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Reorganizing your Garden & Transplanting

by Patrick Leitch – Landscape Foreman

March is still winter, and most of your landscape plants are still dormant. If your landscape is tired or plants that you love just haven’t done as well as intended in their location, now is another perfect time to move them and re-arrange your garden.

The best times of the year to transplant plants are in fall after the first freeze, or now in late winter through early spring. This strategy is to avoid changing the plant’s environment during the seasons of active growing, which puts undesirable stress on them.
For deciduous trees and shrubs, you’d want to transplant before their leaves are out. Same for perennials. Move them just as they start to emerge from the ground in spring or fall when they are starting to go to sleep and growth has stopped.

Now, how do we best prepare the new location? We recommend to first dig the hole at the new location for the transplant—especially if it will be in a new area or planting bed, as you never know what you’ll run into when digging. If the new location is not a freshly-created planting bed, we always dig a hole for trees and shrubs that is 2-3 times as wide as the anticipated root ball, and only as deep as the bottom of the root ball to the base of the root crown. Learn how to avoid planting your plants too deep or too shallow.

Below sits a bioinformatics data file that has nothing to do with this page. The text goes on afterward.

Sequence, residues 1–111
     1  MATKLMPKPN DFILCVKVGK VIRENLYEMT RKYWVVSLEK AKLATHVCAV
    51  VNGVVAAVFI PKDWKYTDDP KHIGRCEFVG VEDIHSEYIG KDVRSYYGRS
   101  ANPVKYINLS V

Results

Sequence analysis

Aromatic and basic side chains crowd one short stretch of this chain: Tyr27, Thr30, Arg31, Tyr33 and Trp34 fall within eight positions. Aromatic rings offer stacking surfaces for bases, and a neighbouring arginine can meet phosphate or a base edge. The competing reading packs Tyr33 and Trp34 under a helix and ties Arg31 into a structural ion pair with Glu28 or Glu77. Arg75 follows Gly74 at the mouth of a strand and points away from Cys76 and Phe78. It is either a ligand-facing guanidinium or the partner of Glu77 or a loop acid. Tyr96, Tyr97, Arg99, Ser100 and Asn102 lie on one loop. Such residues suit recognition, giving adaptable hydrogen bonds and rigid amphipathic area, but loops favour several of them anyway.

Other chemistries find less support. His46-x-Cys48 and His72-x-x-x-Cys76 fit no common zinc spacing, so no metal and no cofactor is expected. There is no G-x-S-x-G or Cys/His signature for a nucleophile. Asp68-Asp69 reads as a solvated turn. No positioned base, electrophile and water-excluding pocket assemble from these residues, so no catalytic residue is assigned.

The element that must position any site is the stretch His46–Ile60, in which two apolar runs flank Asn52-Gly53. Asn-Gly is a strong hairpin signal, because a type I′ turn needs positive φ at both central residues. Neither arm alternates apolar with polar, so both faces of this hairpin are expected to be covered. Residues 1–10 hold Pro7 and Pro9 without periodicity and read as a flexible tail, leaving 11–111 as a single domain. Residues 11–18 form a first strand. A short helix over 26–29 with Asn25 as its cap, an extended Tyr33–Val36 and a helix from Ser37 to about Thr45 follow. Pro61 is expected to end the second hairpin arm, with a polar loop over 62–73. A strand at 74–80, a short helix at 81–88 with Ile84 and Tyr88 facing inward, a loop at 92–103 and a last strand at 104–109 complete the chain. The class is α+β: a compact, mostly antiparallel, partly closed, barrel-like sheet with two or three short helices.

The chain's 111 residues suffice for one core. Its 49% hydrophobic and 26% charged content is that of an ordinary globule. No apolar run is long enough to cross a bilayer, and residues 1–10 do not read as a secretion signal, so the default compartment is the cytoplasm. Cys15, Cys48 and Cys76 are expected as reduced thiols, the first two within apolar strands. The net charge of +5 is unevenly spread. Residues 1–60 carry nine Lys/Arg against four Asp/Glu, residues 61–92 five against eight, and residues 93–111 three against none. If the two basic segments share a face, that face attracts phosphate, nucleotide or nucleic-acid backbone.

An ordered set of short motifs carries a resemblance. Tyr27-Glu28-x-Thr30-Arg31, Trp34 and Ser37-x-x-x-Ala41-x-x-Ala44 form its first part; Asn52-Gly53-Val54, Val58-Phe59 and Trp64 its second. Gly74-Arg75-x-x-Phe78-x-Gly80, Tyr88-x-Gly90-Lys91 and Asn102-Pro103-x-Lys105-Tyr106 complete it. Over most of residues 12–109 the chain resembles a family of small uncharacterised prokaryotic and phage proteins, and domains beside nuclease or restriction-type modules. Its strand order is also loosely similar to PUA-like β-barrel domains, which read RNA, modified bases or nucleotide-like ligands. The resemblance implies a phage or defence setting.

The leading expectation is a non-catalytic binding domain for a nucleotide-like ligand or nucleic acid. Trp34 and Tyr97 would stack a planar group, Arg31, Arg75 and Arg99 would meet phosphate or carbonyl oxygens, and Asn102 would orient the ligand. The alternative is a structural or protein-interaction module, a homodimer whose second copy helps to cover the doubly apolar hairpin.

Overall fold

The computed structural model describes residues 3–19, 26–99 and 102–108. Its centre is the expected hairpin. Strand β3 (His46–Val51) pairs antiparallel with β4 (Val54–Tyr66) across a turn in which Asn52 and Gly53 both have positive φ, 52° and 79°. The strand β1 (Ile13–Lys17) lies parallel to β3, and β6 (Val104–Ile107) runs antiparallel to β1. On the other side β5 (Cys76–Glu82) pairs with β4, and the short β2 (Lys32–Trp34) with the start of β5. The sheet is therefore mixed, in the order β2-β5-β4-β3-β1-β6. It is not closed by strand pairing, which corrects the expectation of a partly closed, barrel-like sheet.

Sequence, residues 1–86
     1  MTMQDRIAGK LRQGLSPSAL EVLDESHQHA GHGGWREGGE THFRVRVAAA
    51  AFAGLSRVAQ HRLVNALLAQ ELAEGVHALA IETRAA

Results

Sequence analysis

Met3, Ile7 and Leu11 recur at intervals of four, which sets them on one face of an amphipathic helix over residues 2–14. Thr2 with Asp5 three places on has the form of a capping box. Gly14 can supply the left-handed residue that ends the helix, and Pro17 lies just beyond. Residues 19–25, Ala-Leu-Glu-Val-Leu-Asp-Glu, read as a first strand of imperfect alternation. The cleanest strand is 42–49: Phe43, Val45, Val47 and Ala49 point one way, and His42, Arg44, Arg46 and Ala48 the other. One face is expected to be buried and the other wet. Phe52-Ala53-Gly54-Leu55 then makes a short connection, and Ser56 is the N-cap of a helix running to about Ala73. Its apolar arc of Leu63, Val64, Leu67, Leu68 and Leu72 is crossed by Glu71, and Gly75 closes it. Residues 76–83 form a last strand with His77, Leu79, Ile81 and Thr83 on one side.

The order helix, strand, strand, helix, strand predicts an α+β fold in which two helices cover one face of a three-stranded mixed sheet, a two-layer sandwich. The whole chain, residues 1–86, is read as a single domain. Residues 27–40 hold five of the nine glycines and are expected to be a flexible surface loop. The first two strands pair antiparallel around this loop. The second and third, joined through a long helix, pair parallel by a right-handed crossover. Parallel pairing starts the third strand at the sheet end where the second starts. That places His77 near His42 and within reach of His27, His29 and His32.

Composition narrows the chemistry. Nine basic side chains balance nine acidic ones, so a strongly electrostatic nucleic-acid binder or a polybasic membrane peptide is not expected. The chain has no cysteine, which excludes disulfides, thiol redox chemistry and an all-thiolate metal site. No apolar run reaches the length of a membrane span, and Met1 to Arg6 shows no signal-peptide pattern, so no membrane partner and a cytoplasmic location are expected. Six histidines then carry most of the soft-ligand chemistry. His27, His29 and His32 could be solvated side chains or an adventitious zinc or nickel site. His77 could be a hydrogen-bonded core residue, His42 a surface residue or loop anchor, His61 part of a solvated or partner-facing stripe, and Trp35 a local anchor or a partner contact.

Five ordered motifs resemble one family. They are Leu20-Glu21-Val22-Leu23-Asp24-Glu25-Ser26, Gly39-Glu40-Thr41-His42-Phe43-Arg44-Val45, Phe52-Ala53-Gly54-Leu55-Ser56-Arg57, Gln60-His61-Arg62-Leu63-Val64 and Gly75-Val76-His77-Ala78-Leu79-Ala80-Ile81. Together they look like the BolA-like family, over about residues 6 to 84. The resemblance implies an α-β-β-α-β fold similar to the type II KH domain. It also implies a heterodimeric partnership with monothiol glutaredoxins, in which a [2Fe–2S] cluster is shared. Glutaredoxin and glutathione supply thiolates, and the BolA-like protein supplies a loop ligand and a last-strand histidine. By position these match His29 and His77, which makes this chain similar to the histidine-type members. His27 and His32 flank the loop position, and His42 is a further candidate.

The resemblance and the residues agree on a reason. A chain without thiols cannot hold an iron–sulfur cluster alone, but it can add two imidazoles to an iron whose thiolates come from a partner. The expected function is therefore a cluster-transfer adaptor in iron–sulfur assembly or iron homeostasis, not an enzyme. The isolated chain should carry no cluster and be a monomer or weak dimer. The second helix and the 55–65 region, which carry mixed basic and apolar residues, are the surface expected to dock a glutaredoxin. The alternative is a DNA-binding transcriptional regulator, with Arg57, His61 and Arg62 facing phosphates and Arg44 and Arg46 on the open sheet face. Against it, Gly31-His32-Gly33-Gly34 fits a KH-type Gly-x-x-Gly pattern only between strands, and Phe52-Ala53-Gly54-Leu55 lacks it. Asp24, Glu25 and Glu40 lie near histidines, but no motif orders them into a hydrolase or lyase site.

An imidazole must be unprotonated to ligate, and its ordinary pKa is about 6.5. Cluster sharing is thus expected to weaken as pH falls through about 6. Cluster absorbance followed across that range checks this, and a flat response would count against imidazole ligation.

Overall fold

When digging up the transplant, it is important to protect as much root structure as possible. We like to start by digging around the root ball outside of the dripline of the upper canopy. There is no use moving any dirt that does not contain roots so we continue to dig around the root ball until the outer roots are exposed. Cutting some roots is okay, especially when the plants are dormant. Our goal is to maintain as large of a root ball as possible and still reasonably be able to move the plant safely. Once the root ball is exposed and loosened, we find the best way to maintain the integrity of the roots by transferring it to a plastic pot, burlap, or old tarp.

It is best to move the transplant to the new location as soon as possible, that’s why we prep the new hole first. We like to add Bio-tone fertilizer into the fill soil as we plant—making sure the fertilizer is applied in the root zone, not sitting on top of the surface.

Another expert practice is to stake the plants that are loose or shaky rather than piling soil on top of the roots to steady them. The root crown should be level with the top of the soil to allow for best penetration of moisture to the root zone. Creating a ring of soil outside of the root ball of the plant will capture water preventing it from running off and away from the plant.

Then we mulch in a layer of 2-3 inches, as covering the soil keeps roots cool, moist, and prevents soil from being washed away.

Transplants require watering just as a new plant from a nursery. Continued care for these plants is required regularly throughout the year until they are established and thriving with the cycles of the natural environment.

Call 614-873-7333 if you need to schedule our help!


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